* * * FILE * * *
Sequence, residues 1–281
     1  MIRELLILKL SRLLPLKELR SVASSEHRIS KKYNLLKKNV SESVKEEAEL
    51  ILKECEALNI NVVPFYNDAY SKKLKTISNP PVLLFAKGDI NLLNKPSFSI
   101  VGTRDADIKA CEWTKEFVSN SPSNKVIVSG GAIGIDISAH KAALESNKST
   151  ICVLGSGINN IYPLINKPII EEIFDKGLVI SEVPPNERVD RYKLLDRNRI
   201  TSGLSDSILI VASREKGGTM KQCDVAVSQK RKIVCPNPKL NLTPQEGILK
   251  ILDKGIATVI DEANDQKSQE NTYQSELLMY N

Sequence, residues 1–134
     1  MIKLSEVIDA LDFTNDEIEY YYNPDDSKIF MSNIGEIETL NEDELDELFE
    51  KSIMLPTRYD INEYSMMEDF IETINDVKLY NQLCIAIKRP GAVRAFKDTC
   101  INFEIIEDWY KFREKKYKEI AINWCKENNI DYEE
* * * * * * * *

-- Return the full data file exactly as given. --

Sequence, residues 1–281
     1  MIRELLILKL SRLLPLKELR SVASSEHRIS KKYNLLKKNV SESVKEEAEL
    51  ILKECEALNI NVVPFYNDAY SKKLKTISNP PVLLFAKGDI NLLNKPSFSI
   101  VGTRDADIKA CEWTKEFVSN SPSNKVIVSG GAIGIDISAH KAALESNKST
   151  ICVLGSGINN IYPLINKPII EEIFDKGLVI SEVPPNERVD RYKLLDRNRI
   201  TSGLSDSILI VASREKGGTM KQCDVAVSQK RKIVCPNPKL NLTPQEGILK
   251  ILDKGIATVI DEANDQKSQE NTYQSELLMY N

Sequence, residues 1–134
     1  MIKLSEVIDA LDFTNDEIEY YYNPDDSKIF MSNIGEIETL NEDELDELFE
    51  KSIMLPTRYD INEYSMMEDF IETINDVKLY NQLCIAIKRP GAVRAFKDTC
   101  INFEIIEDWY KFREKKYKEI AINWCKENNI DYEE